CMS Sofia has successfully represented CEZ in an administrative procedure against a regulatory decision from the Energy and Water Regulatory Commission on set prices for electricity sales in Bulgaria.
Schoenherr Sofia Managing Partner Alexandra Doytchinova starts by talking about what’s happening — or rather, what’s not happening — in the Bulgarian legal market. “Nothing has moved,” she says, "which is not surprising, because Bulgaria is very conservative in this respect. Firms splitting and merging happens once in five years, if at all. So there’s nothing happening there on this front.”
Bulgarian anti-money laundering law requires that companies and other entities having their seat in Bulgaria register their ultimate beneficial owner(s). The registration is mandatory, and the deadline for registration is approaching. These obligations arise from the Bulgarian Anti-Money-Laundering Measures Act (2018) transposing Directive (EU) 2015/849 of the European Parliament and of the Council of 20 May 2015 (4th AML Directive) into national law.
In March 2019 the Commission for the Protection of Competition (CPC) cleared the acquisition of Nova Broadcasting Group AD (Nova TV) by Advance Media Group EAD, which is owned by the well-known Bulgarian businesspeople Kiril and Georgi Domuschievi. On this decision, Nova's previous owner, Swedish entertainment company Modern Times Group (MTG), was finally able to sell the TV network and exit the Bulgarian market, after having been prohibited from doing so by the CPC in July 2018.
In July 2018, following an in-depth investigation and in a rather hasty and controversial decision, the Commission on the Protection of Competition ("CPC") prohibited the acquisition of the largest media conglomerate in Bulgaria, Nova Broadcasting Group AD ("Nova TV" or "Nova"), by PPF, owned by Czech businessman Petr Kellner.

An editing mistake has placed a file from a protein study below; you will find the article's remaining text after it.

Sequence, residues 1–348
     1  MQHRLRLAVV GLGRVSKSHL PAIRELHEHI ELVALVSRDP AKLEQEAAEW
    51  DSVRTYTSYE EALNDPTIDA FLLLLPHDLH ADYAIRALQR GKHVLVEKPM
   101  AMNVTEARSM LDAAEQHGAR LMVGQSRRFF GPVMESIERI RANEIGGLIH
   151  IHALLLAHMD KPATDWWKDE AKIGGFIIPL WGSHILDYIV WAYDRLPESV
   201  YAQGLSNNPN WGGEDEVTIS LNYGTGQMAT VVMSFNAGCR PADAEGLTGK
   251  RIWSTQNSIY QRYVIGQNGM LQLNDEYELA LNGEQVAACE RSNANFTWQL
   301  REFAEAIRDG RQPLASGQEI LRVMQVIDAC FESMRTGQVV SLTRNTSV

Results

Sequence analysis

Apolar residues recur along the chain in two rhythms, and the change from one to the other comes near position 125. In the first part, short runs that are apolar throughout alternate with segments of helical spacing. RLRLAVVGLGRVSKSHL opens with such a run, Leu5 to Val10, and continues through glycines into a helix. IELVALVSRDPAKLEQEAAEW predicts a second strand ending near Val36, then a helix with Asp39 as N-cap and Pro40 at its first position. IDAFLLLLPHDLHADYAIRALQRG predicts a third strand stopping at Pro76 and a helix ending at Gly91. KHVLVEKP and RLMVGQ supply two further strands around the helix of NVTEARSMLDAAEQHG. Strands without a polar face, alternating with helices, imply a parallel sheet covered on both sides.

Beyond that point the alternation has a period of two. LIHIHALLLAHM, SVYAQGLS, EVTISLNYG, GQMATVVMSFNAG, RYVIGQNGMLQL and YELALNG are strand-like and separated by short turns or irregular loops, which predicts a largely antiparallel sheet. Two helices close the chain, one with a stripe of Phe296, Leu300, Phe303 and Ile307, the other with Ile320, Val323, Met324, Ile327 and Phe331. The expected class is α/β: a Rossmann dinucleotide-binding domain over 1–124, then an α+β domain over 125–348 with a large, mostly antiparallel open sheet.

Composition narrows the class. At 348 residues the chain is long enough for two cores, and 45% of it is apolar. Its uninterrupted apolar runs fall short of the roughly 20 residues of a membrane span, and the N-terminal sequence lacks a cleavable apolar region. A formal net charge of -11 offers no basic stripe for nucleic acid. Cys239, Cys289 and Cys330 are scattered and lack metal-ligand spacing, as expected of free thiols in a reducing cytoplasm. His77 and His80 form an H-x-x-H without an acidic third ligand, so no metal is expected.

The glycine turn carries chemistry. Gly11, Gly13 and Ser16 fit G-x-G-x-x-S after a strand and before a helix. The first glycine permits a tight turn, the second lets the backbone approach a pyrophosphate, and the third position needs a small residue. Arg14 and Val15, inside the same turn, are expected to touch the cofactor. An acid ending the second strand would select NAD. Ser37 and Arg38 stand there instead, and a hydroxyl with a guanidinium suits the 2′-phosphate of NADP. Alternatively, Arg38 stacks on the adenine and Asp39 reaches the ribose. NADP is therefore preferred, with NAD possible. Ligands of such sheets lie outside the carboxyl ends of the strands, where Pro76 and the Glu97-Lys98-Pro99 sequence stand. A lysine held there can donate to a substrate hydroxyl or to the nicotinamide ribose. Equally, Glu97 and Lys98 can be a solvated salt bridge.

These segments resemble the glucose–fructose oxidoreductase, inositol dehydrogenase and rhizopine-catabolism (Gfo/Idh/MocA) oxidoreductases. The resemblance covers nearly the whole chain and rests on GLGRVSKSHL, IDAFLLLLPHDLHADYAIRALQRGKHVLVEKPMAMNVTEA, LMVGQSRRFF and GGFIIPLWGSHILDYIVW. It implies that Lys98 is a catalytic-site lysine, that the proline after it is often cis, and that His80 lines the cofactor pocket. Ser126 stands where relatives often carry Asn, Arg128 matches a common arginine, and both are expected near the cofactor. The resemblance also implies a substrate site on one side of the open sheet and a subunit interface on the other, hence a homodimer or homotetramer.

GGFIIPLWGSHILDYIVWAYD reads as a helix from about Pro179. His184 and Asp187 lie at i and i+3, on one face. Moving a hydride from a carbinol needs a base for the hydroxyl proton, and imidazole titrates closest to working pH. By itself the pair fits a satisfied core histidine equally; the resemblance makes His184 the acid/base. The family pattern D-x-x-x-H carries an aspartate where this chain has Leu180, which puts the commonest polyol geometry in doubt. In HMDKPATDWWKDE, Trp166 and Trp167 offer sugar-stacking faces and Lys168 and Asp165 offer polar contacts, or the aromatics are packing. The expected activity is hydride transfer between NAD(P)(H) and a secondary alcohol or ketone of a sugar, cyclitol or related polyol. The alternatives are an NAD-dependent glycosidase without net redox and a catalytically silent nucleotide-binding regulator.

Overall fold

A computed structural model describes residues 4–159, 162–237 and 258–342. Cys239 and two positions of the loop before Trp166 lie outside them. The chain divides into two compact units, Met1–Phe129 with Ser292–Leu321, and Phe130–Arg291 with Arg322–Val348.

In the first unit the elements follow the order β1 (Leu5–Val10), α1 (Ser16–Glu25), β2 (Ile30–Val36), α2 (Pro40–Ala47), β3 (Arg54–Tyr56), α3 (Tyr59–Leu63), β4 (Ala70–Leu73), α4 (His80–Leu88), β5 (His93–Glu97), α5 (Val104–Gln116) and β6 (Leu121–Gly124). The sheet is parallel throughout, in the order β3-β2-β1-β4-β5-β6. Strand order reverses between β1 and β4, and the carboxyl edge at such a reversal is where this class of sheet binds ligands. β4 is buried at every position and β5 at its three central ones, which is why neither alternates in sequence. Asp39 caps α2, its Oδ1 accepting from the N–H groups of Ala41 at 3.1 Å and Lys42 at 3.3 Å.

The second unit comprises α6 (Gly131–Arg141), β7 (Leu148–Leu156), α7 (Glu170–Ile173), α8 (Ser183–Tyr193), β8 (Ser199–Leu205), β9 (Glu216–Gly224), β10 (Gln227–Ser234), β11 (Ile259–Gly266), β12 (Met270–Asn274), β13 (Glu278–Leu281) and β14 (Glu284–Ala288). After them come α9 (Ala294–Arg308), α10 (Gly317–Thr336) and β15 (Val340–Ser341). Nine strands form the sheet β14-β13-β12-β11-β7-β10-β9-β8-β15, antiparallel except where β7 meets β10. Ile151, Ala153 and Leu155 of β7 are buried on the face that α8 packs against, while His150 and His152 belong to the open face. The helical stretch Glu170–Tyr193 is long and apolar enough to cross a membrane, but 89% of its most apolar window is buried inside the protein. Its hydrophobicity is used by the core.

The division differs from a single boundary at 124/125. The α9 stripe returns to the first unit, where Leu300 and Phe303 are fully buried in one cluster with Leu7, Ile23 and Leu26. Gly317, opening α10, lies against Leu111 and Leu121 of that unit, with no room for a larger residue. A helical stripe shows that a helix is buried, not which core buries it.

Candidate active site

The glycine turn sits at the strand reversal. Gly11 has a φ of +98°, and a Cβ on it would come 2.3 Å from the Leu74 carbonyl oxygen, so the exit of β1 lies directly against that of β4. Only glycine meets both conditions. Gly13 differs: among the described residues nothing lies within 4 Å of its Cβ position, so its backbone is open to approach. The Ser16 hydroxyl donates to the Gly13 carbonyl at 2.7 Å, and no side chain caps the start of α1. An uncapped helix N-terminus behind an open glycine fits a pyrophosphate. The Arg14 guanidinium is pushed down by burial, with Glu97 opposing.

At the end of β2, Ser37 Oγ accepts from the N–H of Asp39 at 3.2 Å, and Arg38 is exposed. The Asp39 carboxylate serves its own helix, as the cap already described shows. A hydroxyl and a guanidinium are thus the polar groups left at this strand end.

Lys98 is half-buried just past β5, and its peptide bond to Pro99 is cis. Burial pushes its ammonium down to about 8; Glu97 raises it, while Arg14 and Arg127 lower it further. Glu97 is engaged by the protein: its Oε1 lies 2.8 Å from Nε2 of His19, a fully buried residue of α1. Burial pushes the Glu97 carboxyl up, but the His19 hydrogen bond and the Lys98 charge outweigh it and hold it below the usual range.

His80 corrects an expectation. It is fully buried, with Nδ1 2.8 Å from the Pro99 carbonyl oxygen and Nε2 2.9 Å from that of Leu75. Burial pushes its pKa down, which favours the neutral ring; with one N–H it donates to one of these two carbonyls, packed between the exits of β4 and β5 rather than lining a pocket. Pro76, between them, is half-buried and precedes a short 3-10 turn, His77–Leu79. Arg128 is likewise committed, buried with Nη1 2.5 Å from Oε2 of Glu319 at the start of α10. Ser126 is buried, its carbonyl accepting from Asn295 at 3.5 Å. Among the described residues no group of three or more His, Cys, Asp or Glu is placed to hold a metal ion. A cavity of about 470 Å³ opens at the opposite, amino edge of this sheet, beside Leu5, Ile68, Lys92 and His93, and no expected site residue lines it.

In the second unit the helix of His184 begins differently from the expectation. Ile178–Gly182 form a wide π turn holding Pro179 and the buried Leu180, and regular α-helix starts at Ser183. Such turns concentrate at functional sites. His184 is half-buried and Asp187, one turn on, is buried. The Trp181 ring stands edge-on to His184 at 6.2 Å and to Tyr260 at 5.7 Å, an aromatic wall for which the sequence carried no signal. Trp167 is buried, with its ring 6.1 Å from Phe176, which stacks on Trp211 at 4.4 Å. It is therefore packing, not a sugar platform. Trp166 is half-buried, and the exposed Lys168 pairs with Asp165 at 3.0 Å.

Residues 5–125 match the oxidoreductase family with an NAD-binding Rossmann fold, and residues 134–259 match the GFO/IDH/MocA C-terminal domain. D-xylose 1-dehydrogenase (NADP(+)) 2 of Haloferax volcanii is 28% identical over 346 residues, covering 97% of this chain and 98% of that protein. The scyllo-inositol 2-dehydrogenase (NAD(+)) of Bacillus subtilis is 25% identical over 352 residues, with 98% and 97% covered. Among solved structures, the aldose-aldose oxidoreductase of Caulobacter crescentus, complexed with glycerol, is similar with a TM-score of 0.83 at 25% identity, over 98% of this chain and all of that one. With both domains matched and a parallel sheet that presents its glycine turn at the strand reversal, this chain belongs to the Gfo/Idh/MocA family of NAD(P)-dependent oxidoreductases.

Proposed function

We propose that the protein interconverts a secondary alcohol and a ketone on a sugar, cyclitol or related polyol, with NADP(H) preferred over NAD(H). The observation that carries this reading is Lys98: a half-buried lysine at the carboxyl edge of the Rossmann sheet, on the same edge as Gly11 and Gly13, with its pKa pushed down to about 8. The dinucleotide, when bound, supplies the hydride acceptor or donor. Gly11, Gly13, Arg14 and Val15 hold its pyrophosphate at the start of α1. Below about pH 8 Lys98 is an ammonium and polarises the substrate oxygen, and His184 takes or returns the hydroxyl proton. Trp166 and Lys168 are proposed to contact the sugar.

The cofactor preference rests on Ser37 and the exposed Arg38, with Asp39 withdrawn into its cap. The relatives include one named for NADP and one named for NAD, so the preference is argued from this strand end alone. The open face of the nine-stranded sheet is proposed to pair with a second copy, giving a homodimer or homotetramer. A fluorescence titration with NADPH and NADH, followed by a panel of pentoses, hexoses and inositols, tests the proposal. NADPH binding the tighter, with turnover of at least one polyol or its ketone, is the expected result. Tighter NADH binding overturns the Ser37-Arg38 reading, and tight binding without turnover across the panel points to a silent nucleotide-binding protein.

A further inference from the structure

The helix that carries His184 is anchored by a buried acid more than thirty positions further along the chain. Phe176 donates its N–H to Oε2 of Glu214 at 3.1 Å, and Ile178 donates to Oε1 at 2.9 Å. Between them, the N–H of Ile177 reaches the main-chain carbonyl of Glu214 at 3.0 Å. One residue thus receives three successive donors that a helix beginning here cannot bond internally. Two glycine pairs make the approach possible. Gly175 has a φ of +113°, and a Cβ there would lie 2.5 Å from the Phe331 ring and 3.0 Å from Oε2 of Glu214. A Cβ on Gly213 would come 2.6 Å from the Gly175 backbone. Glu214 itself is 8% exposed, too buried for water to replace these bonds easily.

Last year was a good one for the automotive industry in Bulgaria. According to information from the Automotive Cluster Bulgaria, a total of 12 projects worth more than EUR 500 million were in the process of implementation in late 2018 and early 2019. These projects are from companies like ETEM, Visteon, Leoni, Voss Automotive, Sensata, and Bosch; i.e. first-, second- and third-tier suppliers whose business is not solely tied to the automotive industry. According to the Cluster, the sector already covers more than 220 enterprises with a turnover of EUR 5 billion, which represents approximately 10% of Bulgaria’s GDP.
Legislation and Strategic Changes in the Bulgarian Energy Sector: Several amendments were made to Bulgaria’s energy laws in 2018 facilitating the further liberalization of the energy market. Renewable energy producers exceeding 4 MW installed capacity that enjoyed offtake of their energy at Feed-In Tariff (FiT) were introduced to a different support scheme: Contracts for Premium (CfP), which became effective on January 1, 2019. Under CfP, renewables sell their electricity to the free market – either to the Independent Bulgarian Energy Exchange (IBEX) or to their balancing group coordinators.
Bulgaria, it seems, is in good shape. Fueled by a buoyant tech sector, the country’s economy is registering impressive growth, incomes are rising, and unemployment is down. Still, with corruption still a problem and the prospect of a global slowdown around the corner, few are willing to bet on the good times sticking around long. As always, in the Land of Roses, the thorns are not far away.
Unimpressed by Picadilly Circus and Trafalgar Square, Stela Pavlova and Katerina Kaloyanova have, in recent years, left positions with high-powered international law firms in London to return to their native Bulgaria and join Schoenherr’s office in Sofia. Both insist the trade-offs were less dramatic than many assume … and both credit Schoenherr Bulgaria’s Managing Partner Alexandra Doytchinova with making them feel right at home.
The Deal: In May, 2018, CEE Legal Matters reported that Linklaters, Kocian Solc Balastik, the BLC Law Office, Paksoy, and Tsvetkova Bebov Komarevski had provided advice on Czech, English, Georgian, Turkish, and Bulgarian law, respectively, to Energo-Pro a.s. on its EUR 250 million Eurobond issue in London. Allen & Overy, BGI Legal in Tbilisi, Boyanov & Co. in Bulgaria, and Turkey’s Gedik & Eraksoy advised the joint bookrunners, BNP Paribas, Citigroup Global Markets Limited and J.P. Morgan Securities plc, and the Trustee, Citibank, N.A., London Branch.